Beyond the lecture–solving problems in the real world

For architectural and engineering technology students,
nothing beats hands-on experience

For nine students in the architectural and engineering technology program, theory turned to reality when they were tasked with developing building-design concepts for a local organization.

Megan Endreson showcases her design work.
Megan Endreson shares her designs during an open forum
attended by project stakeholders, industry partners,
advisory board members, and campus community members.
The students are part of AET 121: Architectural Drafting offered by the UAA Community & Technical College’s Construction & Design Technology Division. The course’s applied curriculum is the brainchild of Associate Professor Brian Bennett. For more than ten years, he has leveraged hands-on learning projects to instruct UAA students.

Along the way, Bennett has partnered with local organizations to bring design projects into the classroom. This has benefitted students by providing them with the opportunity to conceptualize designs, to learn Revit, a building information modeling software, and to work within a professional client-based relationship.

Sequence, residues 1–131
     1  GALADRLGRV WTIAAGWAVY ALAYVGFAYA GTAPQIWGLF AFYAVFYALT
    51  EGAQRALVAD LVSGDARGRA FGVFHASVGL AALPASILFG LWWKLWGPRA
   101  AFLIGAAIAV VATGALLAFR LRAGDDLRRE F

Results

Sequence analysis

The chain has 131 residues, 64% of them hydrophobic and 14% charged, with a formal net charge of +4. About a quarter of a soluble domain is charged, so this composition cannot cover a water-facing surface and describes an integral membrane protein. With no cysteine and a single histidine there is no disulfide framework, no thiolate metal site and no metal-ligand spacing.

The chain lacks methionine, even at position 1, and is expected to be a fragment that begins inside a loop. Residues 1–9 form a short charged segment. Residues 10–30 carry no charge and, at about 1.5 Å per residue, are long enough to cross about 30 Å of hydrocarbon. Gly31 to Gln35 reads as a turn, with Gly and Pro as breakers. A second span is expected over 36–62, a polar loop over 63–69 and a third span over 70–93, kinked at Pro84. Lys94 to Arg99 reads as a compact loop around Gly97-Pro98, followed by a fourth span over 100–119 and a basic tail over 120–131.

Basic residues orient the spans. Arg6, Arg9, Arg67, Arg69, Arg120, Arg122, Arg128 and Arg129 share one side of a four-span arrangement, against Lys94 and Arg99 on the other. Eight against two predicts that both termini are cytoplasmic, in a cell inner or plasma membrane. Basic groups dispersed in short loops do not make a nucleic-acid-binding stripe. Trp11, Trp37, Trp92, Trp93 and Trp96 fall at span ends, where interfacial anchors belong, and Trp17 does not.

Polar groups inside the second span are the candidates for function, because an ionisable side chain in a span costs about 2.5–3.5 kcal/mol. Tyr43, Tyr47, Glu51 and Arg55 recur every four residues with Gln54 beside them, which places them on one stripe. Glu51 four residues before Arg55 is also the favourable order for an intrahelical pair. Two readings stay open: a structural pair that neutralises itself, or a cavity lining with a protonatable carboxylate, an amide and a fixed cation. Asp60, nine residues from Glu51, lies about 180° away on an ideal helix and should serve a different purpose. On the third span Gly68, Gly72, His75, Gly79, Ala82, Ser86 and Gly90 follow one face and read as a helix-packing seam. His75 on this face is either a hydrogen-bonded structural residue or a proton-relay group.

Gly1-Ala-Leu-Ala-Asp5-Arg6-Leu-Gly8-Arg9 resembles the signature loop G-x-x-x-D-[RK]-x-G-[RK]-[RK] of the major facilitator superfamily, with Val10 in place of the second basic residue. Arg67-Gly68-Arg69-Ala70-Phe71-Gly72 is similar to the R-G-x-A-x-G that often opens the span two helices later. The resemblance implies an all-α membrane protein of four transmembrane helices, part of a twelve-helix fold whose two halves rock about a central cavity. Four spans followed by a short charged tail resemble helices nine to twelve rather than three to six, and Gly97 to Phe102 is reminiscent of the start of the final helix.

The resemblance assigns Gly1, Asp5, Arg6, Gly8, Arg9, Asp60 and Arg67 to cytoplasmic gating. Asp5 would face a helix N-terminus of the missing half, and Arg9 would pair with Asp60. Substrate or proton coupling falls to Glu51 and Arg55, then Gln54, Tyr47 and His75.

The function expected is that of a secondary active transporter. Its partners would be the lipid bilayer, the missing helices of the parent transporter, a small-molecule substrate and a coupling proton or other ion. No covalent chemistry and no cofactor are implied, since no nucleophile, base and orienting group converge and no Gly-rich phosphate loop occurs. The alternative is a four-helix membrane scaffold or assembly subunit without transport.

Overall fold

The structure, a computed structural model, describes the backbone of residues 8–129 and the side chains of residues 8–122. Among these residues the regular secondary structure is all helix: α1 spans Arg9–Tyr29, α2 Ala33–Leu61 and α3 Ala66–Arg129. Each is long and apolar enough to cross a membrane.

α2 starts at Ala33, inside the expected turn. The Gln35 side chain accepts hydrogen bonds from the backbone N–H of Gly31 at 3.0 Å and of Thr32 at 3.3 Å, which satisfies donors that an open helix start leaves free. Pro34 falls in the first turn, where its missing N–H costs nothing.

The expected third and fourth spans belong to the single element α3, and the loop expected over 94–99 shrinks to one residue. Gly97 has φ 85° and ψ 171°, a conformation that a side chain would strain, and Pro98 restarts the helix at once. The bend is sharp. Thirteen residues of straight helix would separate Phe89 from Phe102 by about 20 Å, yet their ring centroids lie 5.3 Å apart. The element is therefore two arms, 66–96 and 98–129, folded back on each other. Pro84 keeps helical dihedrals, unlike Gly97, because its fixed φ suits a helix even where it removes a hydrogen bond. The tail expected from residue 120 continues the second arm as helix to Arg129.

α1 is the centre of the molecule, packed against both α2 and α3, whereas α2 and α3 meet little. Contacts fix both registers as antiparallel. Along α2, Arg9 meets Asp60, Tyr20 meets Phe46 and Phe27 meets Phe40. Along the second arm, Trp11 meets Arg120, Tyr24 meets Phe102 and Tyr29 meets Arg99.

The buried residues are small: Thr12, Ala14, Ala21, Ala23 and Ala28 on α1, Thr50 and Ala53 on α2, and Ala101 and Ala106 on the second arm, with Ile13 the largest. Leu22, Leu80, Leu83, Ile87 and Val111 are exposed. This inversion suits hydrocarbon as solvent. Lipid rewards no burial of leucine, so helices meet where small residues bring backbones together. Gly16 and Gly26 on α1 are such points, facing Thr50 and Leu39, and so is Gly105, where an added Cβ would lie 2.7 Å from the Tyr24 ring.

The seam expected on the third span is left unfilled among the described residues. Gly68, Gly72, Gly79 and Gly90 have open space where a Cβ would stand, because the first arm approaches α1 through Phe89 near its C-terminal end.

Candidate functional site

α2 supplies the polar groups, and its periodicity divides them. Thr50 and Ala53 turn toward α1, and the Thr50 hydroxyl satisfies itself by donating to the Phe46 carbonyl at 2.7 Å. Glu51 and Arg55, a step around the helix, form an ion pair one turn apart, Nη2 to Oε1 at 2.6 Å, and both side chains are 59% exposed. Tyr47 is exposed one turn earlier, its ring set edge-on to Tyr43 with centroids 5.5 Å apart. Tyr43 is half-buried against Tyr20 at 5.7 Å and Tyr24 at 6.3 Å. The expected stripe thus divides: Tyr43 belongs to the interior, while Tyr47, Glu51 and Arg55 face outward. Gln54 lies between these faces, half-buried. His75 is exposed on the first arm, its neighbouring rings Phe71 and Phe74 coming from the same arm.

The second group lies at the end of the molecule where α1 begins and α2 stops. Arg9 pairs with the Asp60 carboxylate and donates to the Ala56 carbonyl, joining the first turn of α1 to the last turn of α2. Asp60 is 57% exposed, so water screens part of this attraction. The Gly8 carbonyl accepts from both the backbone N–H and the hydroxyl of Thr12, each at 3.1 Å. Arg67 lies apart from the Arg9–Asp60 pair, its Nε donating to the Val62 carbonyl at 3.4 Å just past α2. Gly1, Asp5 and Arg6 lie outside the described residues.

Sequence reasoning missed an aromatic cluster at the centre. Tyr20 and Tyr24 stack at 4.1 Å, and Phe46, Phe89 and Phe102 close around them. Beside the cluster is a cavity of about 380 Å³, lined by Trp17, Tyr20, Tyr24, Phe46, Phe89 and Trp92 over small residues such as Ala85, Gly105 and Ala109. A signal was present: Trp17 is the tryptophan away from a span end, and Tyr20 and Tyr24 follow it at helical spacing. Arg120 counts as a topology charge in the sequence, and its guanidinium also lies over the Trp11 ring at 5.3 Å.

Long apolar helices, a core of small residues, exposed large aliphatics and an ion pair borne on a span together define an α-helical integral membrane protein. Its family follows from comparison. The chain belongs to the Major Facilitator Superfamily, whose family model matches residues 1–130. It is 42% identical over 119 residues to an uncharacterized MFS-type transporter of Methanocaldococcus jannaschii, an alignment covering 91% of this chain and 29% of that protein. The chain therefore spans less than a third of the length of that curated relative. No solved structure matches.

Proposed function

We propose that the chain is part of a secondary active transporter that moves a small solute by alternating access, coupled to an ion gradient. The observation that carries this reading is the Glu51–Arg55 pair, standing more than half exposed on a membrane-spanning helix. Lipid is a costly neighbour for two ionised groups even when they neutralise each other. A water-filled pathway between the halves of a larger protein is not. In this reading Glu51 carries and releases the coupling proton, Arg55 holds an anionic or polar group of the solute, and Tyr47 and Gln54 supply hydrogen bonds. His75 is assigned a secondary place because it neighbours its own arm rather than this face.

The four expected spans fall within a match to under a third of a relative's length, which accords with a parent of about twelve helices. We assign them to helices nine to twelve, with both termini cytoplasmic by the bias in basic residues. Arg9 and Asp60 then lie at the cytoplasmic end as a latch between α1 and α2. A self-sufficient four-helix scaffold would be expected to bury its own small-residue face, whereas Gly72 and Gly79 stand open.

“We tell clients during the introduction to the process that the goal is to help them come to a better idea of what they want in a shortened time frame,” said Bennett. “We provide many different solutions so that clients can narrow, combine, refine, and reject the choices or parts of them. Past clients have commented that they have a better understanding of what they want and don’t want out of their project when they do approach an architect or engineer.”

The projects that have surfaced are varied, from turning a recreational vehicle sales and maintenance building into a community outreach center to designing stations to facilitate a walking tour of a new community park. Bennett noted that he doesn’t solicit projects from organizations but that word of mouth from past participants has been a powerful endorsement, creating a steady flow of opportunities.

During the spring 2014 semester, students worked on a project for Chignik Lagoon Native Corporation. The group plans to build an energy-efficient, environmentally friendly, multi-use building, but the core of the building will be an airplane hangar. The new facility will be located on the Alaska Peninsula. It is the first of a multi-phase building project, and students were asked to design the facility with expansion in mind to accommodate a small café, medical clinic, and rental space.